We might not know, and there will almost certainly be disagreement about the particulars, yet regardless we must realize that there is a drive, either internally or externally to do good things from somewhere. If there wasn’t, how would our species have survived this long? What about all of the cooperative relationships and groups that operate every day? Humans can be altruistic, at least to a limited degree. The problem with the argument is that there are so many options and opinions flying around that it becomes easy to justify doing nothing, even when we can do far more. It’s easy to feel like Injustice is so widespread that an individual can do nothing to help. But this isn’t the case. Even if an action is nominal, a good act can still impact someone else’s life for the better. There’s the hope that individuals will all do little things on their own and together that kindness and compassion will make the difference on the whole. However, it’s difficult to feel fulfilled as a tiny dot on a giant balance. Furthermore, even the most basic actions can have many results; who decides the overall absolute value of “goodness”?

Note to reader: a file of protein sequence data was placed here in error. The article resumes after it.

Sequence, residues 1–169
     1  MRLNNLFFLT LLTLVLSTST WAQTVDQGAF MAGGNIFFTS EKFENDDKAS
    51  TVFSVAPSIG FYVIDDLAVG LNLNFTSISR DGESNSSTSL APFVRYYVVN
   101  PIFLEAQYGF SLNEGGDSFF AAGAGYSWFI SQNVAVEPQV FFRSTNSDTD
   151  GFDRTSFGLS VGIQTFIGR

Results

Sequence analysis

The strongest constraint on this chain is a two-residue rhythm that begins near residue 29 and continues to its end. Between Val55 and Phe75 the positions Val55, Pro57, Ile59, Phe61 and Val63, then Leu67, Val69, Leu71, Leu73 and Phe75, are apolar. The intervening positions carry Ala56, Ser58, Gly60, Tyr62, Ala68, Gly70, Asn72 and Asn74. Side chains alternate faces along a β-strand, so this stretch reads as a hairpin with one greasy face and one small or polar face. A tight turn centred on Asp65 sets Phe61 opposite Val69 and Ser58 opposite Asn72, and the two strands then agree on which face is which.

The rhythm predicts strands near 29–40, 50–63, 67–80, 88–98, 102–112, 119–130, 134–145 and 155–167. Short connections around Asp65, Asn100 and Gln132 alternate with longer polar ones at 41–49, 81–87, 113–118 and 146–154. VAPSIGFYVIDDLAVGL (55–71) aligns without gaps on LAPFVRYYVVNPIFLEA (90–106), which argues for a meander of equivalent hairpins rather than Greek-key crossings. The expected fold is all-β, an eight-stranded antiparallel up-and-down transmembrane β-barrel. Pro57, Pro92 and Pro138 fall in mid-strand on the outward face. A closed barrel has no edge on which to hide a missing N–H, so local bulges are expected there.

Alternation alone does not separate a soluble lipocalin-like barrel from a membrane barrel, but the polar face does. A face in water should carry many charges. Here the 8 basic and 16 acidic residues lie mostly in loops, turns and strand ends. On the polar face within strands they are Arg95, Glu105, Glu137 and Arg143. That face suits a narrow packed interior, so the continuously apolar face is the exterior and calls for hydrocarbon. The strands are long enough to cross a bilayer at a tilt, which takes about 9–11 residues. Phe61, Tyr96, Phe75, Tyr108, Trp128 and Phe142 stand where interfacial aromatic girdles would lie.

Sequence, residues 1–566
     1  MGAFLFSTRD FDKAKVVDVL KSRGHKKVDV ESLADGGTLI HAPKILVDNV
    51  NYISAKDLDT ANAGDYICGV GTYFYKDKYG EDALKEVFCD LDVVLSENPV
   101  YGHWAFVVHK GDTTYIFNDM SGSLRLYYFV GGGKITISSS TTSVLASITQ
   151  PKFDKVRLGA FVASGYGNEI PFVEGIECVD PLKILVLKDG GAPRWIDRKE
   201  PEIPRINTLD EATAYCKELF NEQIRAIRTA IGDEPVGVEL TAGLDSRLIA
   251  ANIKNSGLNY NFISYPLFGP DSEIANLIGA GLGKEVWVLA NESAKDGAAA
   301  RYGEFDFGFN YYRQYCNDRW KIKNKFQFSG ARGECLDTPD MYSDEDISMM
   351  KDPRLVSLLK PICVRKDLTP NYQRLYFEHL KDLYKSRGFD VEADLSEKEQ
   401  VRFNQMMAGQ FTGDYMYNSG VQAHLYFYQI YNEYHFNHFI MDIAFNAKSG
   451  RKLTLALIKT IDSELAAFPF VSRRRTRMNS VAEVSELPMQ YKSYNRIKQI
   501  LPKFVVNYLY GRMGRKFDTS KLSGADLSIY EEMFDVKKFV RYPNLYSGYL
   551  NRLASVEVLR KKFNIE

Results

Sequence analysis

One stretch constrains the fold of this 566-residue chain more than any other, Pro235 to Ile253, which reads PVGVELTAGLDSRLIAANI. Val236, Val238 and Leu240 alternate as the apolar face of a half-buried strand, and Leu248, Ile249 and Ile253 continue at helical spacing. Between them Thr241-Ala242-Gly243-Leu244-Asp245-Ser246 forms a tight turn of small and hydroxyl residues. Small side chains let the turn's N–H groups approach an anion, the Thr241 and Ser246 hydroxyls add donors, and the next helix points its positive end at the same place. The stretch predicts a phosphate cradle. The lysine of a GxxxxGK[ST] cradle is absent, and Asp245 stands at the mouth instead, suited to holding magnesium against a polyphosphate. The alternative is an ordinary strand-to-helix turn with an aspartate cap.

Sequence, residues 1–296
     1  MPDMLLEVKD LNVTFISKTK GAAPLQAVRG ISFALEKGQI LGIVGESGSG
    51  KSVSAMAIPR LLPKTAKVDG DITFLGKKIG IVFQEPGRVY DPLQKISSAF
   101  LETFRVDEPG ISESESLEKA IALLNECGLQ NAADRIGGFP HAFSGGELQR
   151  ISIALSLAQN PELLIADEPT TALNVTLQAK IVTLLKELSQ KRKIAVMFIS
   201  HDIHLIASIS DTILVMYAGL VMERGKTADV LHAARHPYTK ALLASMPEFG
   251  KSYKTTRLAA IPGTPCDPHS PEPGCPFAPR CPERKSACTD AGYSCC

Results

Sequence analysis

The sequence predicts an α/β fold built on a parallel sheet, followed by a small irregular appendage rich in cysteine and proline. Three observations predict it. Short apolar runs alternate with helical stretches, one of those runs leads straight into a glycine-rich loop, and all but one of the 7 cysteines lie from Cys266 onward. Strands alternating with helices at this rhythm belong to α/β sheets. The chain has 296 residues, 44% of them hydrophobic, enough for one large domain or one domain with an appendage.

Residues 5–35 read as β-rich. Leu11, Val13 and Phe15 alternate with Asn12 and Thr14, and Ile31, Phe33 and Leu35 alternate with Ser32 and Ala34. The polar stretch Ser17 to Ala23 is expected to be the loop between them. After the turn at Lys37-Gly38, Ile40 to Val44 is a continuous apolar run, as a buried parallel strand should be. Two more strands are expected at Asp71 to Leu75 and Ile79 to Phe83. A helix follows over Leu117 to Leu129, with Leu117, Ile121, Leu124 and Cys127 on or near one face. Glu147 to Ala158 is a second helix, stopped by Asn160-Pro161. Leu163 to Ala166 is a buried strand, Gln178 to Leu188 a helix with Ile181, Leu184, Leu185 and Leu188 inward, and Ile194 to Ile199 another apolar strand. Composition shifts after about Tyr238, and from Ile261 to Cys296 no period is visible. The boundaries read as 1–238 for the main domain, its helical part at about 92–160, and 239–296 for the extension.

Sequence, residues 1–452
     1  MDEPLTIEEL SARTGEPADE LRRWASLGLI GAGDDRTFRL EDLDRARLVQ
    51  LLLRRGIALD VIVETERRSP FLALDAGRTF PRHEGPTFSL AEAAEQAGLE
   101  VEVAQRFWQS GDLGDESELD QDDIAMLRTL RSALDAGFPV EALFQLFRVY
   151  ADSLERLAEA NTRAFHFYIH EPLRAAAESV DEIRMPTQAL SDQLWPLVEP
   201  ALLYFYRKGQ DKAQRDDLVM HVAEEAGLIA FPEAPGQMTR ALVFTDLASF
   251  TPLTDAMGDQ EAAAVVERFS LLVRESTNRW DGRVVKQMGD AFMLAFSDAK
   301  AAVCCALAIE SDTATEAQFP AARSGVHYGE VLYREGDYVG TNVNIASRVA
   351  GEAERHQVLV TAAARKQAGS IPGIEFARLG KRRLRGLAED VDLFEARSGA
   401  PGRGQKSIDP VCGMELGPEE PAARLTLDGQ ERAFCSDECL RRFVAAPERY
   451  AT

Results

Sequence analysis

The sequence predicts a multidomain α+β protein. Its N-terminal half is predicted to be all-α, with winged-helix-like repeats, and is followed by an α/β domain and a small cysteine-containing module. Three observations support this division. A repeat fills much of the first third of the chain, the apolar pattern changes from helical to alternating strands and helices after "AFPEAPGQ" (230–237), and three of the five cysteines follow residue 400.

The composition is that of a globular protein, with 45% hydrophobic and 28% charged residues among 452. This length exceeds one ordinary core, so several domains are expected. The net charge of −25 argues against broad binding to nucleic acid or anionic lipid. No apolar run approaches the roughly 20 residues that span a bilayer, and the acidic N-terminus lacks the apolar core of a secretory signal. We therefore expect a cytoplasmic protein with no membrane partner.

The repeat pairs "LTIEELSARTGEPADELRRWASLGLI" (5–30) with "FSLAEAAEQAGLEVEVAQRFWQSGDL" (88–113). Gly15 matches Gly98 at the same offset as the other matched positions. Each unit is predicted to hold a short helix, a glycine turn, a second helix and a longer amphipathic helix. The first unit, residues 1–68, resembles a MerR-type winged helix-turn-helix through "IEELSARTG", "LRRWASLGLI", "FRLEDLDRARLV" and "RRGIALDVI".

Discussions of morality make people uncomfortable because it is almost always associated with shame. We feel like we haven’t done enough. Frankly, we probably haven’t, and if we are honest with ourselves, we know that our behaviors likely won’t shift in the future either.

So what’s to be done? In our hearts, we know what we have to do, and it’s boring.